Of course, we judge policy not exclusively on the economic effect. Societal and cultural norms have just as, if not larger influence on public policy. According to the ACLU, the U.S. has 25% of the world’s prison population, yet only 5% of the world’s total population. The makes the U.S. the leader in absolute numbers and per capita incarcerations (“Mass…” 2018). One in five prisoners are imprisoned for a drug offense (Wagner 2016) and Hispanics and blacks comprise 28% of the US population yet make up 56% of the prison population (“Blacks…” 2018).
Scholars have looked for the factors driving the racial discrepancy in arrests. One possible factor is that in minority neighborhoods, marijuana transactions is more likely to be done outdoors, increasing the chance of arrest. (Caulkins 2016).
Identify and Take on Major Critiques/Counterarguments (~ 1-1.5 pages)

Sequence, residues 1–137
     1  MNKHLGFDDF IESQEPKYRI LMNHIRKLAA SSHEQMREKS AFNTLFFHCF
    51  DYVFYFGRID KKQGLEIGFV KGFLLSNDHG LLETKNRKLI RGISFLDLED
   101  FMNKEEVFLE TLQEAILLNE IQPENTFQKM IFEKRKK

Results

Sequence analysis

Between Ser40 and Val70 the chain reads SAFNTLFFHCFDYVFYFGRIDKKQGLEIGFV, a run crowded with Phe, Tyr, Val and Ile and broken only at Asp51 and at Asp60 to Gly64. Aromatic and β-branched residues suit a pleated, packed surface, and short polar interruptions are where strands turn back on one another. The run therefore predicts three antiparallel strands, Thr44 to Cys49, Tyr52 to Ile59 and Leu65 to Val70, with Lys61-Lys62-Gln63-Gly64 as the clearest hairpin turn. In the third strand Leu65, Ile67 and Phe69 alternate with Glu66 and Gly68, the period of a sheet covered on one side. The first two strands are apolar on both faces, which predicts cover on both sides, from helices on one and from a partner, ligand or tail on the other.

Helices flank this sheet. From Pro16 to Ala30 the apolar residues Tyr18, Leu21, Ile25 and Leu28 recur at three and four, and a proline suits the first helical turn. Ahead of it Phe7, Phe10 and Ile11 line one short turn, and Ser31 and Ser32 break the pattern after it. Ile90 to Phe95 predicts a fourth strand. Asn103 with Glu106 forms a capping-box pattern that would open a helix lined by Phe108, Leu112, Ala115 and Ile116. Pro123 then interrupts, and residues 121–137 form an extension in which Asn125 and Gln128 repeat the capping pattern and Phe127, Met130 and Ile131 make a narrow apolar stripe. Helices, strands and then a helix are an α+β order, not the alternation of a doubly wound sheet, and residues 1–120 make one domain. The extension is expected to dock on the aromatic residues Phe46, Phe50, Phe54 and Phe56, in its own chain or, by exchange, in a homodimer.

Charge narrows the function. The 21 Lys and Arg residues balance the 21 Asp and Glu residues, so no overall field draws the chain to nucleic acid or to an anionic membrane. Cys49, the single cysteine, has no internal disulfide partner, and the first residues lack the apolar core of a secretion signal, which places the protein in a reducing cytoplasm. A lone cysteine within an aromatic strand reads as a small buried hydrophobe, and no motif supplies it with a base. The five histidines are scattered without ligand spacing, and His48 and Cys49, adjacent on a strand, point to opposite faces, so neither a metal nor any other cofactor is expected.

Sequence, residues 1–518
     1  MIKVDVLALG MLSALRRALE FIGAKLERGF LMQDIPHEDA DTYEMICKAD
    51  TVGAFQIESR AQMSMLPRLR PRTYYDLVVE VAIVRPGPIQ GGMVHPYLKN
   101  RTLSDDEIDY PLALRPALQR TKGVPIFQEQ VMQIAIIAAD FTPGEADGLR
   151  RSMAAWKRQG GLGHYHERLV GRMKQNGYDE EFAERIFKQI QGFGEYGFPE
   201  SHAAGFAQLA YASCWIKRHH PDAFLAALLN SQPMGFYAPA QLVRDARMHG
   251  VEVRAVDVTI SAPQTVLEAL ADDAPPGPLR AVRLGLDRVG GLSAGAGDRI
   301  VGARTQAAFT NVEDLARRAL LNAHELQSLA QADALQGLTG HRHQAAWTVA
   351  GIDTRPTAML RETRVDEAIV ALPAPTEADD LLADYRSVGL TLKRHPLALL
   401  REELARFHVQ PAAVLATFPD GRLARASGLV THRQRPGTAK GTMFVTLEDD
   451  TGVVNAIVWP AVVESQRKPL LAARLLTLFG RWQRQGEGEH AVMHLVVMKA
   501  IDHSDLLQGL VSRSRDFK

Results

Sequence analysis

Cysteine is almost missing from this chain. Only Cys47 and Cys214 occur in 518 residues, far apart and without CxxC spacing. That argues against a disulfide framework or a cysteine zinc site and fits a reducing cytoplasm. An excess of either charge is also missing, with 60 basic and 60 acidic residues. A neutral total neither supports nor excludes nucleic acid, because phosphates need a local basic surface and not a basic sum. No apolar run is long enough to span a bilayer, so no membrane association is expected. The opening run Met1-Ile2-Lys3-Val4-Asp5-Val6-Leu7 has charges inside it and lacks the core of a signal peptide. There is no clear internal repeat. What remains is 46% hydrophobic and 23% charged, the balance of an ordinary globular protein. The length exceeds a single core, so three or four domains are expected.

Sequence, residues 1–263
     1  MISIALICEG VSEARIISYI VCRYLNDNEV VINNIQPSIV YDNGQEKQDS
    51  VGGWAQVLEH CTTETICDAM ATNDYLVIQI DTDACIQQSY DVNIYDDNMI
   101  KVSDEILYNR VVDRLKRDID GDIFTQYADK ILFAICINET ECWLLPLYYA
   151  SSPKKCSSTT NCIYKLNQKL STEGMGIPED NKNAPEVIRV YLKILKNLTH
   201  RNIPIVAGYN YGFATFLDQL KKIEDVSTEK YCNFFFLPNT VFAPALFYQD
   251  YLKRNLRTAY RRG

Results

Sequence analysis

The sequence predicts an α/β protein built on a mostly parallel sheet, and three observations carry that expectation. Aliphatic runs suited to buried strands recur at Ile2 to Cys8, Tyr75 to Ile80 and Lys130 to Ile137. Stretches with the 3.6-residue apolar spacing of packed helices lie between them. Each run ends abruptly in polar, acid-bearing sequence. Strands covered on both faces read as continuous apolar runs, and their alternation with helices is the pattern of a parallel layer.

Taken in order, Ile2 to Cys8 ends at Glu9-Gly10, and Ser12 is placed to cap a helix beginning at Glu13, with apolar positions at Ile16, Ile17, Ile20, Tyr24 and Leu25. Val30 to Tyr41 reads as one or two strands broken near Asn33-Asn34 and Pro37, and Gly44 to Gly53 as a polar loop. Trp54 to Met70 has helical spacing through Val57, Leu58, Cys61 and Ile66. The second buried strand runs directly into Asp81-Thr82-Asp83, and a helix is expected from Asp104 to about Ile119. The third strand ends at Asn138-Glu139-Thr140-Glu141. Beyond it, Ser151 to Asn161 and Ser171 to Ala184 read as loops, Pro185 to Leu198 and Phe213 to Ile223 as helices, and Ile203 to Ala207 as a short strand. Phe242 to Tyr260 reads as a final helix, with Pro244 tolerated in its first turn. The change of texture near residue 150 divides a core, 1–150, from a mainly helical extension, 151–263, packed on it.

While most scholars are in favor of some version of decriminalization, there are several critiques of outright legalization. First, there is concern that the weed industry will mirror the tobacco and alcohol industries (“Big Marijuana”) by marketing to addicted consumers for maximum profit potential. Second, many opponents of legalization point to some studies showing links to violence and opportunity for abuse, especially among teenagers. Other potential problems with marijuana use include respiratory problems if smoked, schizophrenia and psychosis, and car crashes (Lopez 2018).
Other scholars argue that decriminalizing cannabis alone won’t have a large impact on mass incarceration. Researchers at Carnegie Mellon have found that less than 1% of state and federal prisoners are there due to simple marijuana possession – and that those possession charges were overwhelmingly pled down from more serious charges (Caulkins 2016).
Present Solutions (~1-1.5 pages
Scholars seem to agree that the potency of marijuana has risen – primarily by increasing the ratio of THC to CBD – which results in a faster high.
According the Center for Disease Control, “Opioids were involved in 47,600 overdose deaths in 2017 (67.8% of all drug overdose deaths)” (“Opioid Overdose.” 2018). Marijuana, on the other hand, has had no recorded deaths due to overdose.